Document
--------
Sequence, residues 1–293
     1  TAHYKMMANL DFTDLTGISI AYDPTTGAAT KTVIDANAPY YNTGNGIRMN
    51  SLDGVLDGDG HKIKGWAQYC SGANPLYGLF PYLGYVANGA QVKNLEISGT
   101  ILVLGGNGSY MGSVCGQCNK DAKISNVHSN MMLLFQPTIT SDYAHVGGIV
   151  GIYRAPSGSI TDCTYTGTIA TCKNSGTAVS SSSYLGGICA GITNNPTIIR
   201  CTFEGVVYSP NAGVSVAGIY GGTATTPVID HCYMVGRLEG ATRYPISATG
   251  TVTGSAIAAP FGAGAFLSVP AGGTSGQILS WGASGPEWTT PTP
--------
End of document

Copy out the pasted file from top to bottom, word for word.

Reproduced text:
Sequence, residues 1–293
     1  TAHYKMMANL DFTDLTGISI AYDPTTGAAT KTVIDANAPY YNTGNGIRMN
    51  SLDGVLDGDG HKIKGWAQYC SGANPLYGLF PYLGYVANGA QVKNLEISGT
   101  ILVLGGNGSY MGSVCGQCNK DAKISNVHSN MMLLFQPTIT SDYAHVGGIV
   151  GIYRAPSGSI TDCTYTGTIA TCKNSGTAVS SSSYLGGICA GITNNPTIIR
   201  CTFEGVVYSP NAGVSVAGIY GGTATTPVID HCYMVGRLEG ATRYPISATG
   251  TVTGSAIAAP FGAGAFLSVP AGGTSGQILS WGASGPEWTT PTP